A chunk of rock in a box at The Old Courthouse Museum, Batemans Bay, has special interest for geologist Stewart Needham.
Mr Needham said the 450 million-year-old banded grey shale from the Bilgola plateau, just north of Tomakin, originates from a deep ocean trench formed by continental collision during the Ordovician Period.
“Back then, our eastern seafront was about 2,000 kilometers further east, out into the Tasman sea,” Mr Needham said.
Mr Needham said although most sediment on the Eurobodalla coast was carbonaceous shales, grey and black, and sandstone, there were many interesting sites.
“At Bingie, the rocks demonstrate how two different magmas mix before they solidify – it is a significant teaching spot for university students,” Mr Needham said.
He noted good examples of melange rock formations at Observation Point and Bronte Headland.
“These sites show where the layering of rock is buggered up,” Mr Needham said.
“We call that melange – one rock type mixed with another.
“Sometimes there are potato-like lumps of more resistant rock.
“There are plenty of melanges around the world but it is not a common rock type. The story these rocks represent are a large piece of the global geological jigsaw puzzle,” he said.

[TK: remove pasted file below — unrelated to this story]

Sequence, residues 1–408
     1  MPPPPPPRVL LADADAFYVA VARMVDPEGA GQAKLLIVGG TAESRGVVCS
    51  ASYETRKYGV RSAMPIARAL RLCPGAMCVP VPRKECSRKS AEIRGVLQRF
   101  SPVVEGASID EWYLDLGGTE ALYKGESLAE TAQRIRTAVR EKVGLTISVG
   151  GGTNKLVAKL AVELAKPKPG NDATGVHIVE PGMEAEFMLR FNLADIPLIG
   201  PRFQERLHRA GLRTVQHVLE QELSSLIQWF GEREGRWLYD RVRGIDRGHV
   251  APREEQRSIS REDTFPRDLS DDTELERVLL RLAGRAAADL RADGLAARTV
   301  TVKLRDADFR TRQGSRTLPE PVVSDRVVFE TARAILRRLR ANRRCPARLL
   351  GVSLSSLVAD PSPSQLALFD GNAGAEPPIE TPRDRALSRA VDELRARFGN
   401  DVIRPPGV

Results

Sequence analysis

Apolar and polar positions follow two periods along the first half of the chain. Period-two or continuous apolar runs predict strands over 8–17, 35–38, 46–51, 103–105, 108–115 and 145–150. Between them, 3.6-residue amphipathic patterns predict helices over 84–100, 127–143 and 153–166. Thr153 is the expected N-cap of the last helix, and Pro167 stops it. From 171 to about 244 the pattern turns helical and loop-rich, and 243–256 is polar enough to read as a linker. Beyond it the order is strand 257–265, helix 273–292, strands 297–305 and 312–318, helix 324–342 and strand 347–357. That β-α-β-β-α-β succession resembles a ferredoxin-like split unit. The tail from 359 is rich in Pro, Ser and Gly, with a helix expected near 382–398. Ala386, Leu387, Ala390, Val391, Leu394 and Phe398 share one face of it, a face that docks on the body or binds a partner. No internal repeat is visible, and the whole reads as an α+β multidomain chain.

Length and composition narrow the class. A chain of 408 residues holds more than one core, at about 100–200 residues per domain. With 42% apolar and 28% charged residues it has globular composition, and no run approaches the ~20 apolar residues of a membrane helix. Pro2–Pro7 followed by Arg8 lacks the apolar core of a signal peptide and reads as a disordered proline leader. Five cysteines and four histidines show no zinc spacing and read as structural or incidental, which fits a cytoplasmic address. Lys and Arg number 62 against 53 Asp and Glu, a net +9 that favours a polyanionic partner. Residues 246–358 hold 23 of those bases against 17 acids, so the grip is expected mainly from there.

Mr Needham’s chunk of shale will be soon displayed in the museum’s developing geological room.
Curator Myf Thompson said a collection of local rocks with local, regional and national significance would be displayed.
“Our rocks will have a series of information posters,” Ms Thompson said.
“Each poster will have a cue code, which people can use to access website information at high-school and university level.
“People can chose their own level of engagement.”
“There is a lot of interest locally in the geology of the region,” she said.
To help satisfy that interest, Mr Needham runs an introductory geology course for U3A Batemans Bay. U3A runs activities for those aged over 50 years. The 2016 geology course was oversubscribe and will run again in the first term of 2017.
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